The 'R' word County seems unable to build its way out of school problem

redistricting looms.

November 17, 1995

SCHOOL REDISTRICTING is typically one of the most unsettling functions of local government. Howard County, through its school board and with the general public looking on in apprehension, is about to embark on a round of boundary revisions that promises to be everything past redistrictings have been -- and then some.

With the opening of two new high schools and an elementary school next fall, many of the county's schools -- top to bottom -- are likely to be affected.

In the past, race and socio-economics seemed to play a part in community opposition to redistricting. That's not right.

Still, school officials shouldn't lose sight of the fact that residents are duly concerned about changes that alter their sense of neighborhood. Particularly in "edge city" suburbs with relatively short histories, few institutions create a feeling of community as much as schools can.

Driving this upheaval, of course, is the growth in the school-age population. It is expected to grow to 48,000 -- an increase of 10,500 pupils -- over the next decade. Even under budget constraints, the school system plans to build 14 new schools during that period to help cope with the growth, but that added capacity won't accommodate all of it.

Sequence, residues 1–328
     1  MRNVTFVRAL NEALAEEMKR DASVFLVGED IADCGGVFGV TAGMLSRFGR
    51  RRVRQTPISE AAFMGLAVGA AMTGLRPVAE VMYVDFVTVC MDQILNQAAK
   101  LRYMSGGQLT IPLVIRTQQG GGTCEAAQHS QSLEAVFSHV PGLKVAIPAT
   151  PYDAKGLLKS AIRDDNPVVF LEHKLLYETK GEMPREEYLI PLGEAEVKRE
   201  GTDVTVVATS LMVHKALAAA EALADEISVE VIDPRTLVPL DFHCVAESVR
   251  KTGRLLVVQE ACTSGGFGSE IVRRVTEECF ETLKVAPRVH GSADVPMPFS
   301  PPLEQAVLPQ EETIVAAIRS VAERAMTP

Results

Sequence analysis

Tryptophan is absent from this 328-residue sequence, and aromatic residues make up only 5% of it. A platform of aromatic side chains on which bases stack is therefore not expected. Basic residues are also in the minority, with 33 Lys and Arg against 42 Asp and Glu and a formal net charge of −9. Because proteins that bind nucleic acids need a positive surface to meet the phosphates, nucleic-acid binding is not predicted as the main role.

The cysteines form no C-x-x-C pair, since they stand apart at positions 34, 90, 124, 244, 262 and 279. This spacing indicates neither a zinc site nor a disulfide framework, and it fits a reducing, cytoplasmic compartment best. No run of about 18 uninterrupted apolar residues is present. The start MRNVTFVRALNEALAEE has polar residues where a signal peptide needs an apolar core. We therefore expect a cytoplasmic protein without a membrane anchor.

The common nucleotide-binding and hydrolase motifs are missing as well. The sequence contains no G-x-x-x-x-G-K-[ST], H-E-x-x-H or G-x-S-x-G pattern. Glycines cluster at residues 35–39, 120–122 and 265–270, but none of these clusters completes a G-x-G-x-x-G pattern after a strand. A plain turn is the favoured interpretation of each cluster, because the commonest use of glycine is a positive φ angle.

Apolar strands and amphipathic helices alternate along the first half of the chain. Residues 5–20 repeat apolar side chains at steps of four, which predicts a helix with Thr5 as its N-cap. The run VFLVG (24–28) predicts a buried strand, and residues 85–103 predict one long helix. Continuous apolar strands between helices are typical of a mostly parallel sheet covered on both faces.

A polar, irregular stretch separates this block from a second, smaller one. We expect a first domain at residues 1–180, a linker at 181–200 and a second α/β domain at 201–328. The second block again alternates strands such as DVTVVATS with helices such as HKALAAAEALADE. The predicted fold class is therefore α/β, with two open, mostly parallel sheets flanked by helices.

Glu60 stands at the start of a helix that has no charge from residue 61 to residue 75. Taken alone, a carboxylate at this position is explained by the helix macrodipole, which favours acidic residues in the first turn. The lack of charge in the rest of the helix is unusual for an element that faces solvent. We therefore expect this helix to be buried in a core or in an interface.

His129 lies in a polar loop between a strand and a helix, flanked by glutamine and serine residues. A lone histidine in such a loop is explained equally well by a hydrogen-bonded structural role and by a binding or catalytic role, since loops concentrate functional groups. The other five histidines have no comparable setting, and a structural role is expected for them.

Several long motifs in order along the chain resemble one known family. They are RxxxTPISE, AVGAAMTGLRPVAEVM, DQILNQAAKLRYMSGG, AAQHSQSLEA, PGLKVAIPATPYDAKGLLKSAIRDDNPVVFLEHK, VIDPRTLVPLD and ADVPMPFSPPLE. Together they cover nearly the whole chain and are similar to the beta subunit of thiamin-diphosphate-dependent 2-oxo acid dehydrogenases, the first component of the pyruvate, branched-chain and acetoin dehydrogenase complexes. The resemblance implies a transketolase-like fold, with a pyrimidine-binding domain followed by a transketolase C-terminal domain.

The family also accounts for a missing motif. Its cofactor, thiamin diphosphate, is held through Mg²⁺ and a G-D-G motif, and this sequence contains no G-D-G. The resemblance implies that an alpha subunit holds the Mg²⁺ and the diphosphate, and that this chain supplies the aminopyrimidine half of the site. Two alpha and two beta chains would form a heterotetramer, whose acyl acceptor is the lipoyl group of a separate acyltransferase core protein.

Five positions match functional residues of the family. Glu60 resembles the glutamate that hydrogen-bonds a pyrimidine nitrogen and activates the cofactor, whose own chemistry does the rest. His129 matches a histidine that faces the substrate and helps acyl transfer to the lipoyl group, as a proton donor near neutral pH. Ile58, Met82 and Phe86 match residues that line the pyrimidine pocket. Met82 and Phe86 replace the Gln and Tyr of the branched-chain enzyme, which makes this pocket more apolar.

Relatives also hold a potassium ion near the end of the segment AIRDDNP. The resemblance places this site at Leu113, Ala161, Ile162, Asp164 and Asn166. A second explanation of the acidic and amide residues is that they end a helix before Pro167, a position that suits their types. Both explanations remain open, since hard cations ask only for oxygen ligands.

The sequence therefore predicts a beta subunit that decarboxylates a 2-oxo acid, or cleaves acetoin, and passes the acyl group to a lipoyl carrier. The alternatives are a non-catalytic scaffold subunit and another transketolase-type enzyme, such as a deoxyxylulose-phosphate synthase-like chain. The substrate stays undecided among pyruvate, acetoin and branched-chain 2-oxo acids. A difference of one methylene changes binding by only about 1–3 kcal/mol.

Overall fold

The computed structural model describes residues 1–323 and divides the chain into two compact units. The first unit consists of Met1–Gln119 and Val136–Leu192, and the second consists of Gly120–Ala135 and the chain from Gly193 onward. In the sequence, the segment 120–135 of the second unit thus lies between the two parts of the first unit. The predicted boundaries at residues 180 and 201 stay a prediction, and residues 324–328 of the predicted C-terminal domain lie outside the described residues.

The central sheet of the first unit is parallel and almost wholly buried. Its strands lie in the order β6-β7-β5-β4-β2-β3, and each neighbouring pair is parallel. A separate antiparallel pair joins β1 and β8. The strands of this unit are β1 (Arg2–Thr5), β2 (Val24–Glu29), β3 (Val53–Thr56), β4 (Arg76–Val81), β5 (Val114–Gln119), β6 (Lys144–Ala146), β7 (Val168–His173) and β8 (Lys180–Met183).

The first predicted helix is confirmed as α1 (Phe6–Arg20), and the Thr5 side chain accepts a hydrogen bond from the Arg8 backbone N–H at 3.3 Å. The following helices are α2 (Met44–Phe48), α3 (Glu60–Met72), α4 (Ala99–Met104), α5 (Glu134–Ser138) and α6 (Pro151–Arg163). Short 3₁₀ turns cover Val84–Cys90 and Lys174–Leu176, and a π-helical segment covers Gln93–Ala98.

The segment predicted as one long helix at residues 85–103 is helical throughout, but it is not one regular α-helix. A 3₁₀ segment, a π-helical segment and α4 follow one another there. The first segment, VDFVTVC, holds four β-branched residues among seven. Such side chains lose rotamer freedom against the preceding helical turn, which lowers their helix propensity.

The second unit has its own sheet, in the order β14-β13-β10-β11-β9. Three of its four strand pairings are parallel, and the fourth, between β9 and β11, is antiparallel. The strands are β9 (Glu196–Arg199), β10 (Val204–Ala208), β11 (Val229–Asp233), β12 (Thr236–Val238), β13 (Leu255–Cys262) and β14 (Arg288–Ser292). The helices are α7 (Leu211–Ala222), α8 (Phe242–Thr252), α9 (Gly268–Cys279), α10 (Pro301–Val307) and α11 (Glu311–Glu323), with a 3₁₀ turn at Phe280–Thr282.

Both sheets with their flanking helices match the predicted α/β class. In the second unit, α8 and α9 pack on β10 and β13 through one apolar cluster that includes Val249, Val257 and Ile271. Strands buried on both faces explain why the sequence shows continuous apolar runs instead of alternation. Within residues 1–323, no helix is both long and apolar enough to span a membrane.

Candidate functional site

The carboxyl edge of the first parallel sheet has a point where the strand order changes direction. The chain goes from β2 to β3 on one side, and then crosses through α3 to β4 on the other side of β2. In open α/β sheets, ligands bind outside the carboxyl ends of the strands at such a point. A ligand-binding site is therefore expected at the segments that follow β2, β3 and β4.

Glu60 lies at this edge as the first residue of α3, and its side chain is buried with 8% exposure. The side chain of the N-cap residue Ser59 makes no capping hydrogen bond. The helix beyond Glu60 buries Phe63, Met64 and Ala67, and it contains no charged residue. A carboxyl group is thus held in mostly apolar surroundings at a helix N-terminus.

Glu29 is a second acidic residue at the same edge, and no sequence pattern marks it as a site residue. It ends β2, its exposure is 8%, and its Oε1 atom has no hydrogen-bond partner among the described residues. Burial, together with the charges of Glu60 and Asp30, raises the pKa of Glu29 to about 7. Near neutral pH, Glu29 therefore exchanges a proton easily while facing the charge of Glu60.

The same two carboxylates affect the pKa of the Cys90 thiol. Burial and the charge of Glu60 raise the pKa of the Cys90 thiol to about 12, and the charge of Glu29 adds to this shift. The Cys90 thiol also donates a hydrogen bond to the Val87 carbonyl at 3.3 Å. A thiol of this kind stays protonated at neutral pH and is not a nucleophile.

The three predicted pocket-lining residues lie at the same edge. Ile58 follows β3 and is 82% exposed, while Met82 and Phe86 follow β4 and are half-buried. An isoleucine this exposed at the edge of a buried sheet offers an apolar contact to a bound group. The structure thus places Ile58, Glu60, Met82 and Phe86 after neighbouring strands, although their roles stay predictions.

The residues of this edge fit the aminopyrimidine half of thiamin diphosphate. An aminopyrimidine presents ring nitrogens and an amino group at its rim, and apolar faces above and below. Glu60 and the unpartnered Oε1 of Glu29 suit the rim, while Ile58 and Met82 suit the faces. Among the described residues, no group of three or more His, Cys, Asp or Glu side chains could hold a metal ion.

The opening of two new high schools at River Hill and Long Reach require that students be transferred to attend those schools. All of the county's high schools except two -- Hammond and Oakland Mills -- are on the list for some redistricting. That may seem like major upheaval, but it could have been worse had school officials not recently increased the allowable capacity at the high school level.

If the school system was to implement year-round schooling, redistricting could be employed less because more students would attend the same school in the course of a year. But that would solve one problem only to create others.

The last option -- to continue to build as many schools as growth would dictate -- seems to be a strategy in remission. As in some other fast-growth suburbs in Maryland, Howard officials appear ever more in doubt of the county's ability to build its way out of the problem of school crowding.

Baltimore Sun Articles
|
|
|
Please note the green-lined linked article text has been applied commercially without any involvement from our newsroom editors, reporters or any other editorial staff.